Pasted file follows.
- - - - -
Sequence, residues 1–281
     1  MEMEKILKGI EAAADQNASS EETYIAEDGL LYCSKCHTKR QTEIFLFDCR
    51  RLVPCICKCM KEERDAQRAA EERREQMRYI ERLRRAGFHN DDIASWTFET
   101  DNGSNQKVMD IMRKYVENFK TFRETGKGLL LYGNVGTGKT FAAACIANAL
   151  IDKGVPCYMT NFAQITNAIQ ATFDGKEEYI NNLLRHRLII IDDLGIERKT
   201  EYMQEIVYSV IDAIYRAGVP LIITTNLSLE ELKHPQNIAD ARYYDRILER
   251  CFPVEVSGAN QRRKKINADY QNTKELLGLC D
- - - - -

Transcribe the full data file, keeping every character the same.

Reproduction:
Sequence, residues 1–281
     1  MEMEKILKGI EAAADQNASS EETYIAEDGL LYCSKCHTKR QTEIFLFDCR
    51  RLVPCICKCM KEERDAQRAA EERREQMRYI ERLRRAGFHN DDIASWTFET
   101  DNGSNQKVMD IMRKYVENFK TFRETGKGLL LYGNVGTGKT FAAACIANAL
   151  IDKGVPCYMT NFAQITNAIQ ATFDGKEEYI NNLLRHRLII IDDLGIERKT
   201  EYMQEIVYSV IDAIYRAGVP LIITTNLSLE ELKHPQNIAD ARYYDRILER
   251  CFPVEVSGAN QRRKKINADY QNTKELLGLC D